It'd be like reading the Bible and then saying "We should persecute gay people". Totally ignoring the love everybody, turn the other cheek, judge not SPIRIT of the Bible. When I say "I take the episode as it's presented" I mean the SPIRIT of the episode. The SPIRIT of the episode does not support the possibility that Trip took advantage of a mentally unstable individual accidentally. The SPIRIT of the episode is that Trip gave a slave a taste of freedom.

Now the civilization may have had good reason to enslave said person and it's great fun to ponder if the ends justify the means, but to argue that the Congenitor could be mentally unstable is to throw out what's presented. It's a little too death of the author for me, sorry.
Robert - Mon, Nov 17, 2014 - 1:07pm (USA Central)
I will also say that I don't disagree that your stud farm is a likely result of the scenario we discussed. I merely question if it is in line with Roddenberryism (ie the Federation).

"Is this in any way fair? That the Vossians and the Commonwealth should tell you that you are not a stud god, but that you are a slave? That if you’re perfectly happy to be a stud god in your stud farm palace, and not see it for the cage of gold that it is, it is because you have been brainwashed for millennia?"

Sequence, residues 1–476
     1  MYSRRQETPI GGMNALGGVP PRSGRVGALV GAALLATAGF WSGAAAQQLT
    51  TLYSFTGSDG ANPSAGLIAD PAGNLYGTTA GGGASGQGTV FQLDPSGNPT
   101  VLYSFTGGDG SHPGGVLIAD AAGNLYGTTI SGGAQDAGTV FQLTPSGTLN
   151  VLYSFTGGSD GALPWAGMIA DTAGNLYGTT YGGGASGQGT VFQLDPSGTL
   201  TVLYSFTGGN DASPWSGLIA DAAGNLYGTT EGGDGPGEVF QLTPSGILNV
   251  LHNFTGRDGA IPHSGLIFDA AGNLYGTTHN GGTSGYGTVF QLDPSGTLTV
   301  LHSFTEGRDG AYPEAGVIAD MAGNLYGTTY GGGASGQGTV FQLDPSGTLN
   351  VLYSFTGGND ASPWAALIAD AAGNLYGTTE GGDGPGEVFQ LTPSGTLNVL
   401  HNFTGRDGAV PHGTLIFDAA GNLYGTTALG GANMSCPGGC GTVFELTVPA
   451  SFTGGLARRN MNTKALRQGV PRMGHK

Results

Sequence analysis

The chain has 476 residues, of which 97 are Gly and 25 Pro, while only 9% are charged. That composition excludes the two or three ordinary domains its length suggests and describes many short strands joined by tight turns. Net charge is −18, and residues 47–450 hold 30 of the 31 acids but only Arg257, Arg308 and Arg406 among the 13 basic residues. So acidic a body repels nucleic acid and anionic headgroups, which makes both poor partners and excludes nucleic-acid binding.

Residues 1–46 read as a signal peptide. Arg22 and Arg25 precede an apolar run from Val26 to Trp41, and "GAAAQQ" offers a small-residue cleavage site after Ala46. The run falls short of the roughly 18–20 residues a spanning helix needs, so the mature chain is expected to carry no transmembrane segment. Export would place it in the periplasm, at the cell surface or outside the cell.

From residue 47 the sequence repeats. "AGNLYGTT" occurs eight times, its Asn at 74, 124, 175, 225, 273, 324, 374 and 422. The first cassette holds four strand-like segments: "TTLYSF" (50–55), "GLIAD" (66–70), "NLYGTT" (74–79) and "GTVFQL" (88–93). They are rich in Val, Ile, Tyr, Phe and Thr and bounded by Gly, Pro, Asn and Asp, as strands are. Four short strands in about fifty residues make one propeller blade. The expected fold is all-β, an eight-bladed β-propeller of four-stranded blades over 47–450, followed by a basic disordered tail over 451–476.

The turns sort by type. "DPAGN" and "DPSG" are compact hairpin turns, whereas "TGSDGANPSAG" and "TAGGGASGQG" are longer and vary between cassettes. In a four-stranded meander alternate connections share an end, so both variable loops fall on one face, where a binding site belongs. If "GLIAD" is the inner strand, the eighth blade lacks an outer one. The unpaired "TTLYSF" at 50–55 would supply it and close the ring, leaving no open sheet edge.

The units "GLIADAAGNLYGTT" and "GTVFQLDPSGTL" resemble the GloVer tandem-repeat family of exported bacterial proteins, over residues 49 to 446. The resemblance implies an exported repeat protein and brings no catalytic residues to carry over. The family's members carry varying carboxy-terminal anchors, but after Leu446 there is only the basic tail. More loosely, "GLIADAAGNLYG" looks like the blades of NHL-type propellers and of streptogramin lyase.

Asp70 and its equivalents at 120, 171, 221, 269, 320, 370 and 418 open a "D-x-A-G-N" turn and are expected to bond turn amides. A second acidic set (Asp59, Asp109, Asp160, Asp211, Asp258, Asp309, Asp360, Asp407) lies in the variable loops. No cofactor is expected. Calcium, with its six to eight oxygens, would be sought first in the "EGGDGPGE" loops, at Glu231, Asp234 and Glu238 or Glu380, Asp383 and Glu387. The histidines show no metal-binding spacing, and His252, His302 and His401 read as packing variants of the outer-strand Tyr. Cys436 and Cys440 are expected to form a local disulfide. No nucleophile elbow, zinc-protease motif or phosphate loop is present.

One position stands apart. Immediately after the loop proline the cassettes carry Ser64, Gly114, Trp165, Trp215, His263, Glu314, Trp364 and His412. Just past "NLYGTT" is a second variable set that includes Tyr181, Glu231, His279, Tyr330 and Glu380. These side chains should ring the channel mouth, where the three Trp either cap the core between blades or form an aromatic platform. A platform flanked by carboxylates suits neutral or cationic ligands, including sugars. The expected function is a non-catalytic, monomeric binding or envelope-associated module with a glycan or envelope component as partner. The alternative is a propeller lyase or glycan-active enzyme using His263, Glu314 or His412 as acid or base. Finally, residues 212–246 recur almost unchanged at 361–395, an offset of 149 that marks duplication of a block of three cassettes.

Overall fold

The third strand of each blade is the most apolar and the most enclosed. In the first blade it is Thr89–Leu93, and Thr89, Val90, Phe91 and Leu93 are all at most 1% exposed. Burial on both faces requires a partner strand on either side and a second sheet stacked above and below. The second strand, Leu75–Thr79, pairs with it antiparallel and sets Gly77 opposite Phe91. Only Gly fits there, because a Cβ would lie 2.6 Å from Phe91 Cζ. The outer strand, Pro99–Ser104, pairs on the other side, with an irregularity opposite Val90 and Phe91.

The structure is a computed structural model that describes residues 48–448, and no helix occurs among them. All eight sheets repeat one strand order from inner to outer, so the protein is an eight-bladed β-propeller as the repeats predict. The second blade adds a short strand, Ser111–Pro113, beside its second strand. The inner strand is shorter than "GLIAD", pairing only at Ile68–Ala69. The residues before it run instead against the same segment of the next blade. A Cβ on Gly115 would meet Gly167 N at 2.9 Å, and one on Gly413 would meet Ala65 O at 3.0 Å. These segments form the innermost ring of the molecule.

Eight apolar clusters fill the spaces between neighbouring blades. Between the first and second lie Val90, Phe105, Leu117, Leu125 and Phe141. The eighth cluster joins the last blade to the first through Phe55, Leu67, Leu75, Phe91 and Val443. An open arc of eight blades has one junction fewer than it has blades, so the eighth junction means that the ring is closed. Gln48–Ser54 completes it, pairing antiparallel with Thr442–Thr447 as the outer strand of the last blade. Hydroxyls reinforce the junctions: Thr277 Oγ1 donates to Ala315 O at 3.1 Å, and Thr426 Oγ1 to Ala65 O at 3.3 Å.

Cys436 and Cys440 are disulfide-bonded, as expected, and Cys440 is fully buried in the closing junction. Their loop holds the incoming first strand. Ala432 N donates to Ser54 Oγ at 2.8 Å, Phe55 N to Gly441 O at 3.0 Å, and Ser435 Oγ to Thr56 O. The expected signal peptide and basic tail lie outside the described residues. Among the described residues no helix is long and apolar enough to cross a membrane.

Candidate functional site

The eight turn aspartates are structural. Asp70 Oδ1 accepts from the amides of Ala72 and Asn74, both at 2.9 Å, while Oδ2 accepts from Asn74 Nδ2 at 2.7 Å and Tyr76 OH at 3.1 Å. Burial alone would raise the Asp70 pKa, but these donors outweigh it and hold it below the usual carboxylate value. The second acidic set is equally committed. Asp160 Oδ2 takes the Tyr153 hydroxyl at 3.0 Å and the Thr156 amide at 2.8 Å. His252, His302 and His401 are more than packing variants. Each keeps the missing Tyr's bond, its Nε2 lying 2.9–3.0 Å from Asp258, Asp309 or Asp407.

I suppose if a Vossian could convince me in the span of oh say.... 1 hour long episode that I was miserable and I really wanted to leave they might be on to something? Just maybe....

I can agree that the Vissians are a breath of fresh air from the usual hard headed Trek aliens. I can agree they had good reasons for doing what they did in preserving their society. But the episode presents the fact that when the Congenitor is shown it's potential and that in it's life it cannot reach said potential it becomes unhappy.

I guess I just can't figure out why you don't want to deal with or talk about that.
Robert - Mon, Nov 17, 2014 - 1:09pm (USA Central)
And again, I still want to say that I'm not judging or imposing MY morality on this situation. I'm just trying to discuss if this is compatible with Roddenberry's brand of enlightened society, because if not they would not be welcome in the Federation.
Andy's Friend - Mon, Nov 17, 2014 - 1:13pm (USA Central)
To all,

Expanding on all my previous messages on this thread, a quote from Lem’s “Solaris” (1961), a novel I cannot recommend enough:


“Man has gone out to explore other worlds and other civilizations without having explored his own labyrinth of dark passages and secret chambers, and without finding what lies behind doorways that he himself has sealed.

[...]

We take off into the cosmos, ready for anything: for solitude, for hardship, for exhaustion, death. Modesty forbids us to say so, but there are times when we think pretty well of ourselves. And yet, if we examine it more closely, our enthusiasm turns out to be all a sham. We don't want to conquer the cosmos, we simply want to extend the boundaries of Earth to the frontiers of the cosmos. For us, such and such a planet is as arid as the Sahara, another as frozen as the North Pole, yet another as lush as the Amazon basin. We are humanitarian and chivalrous; we don't want to enslave other races, we simply want to bequeath them our values and take over their heritage in exchange.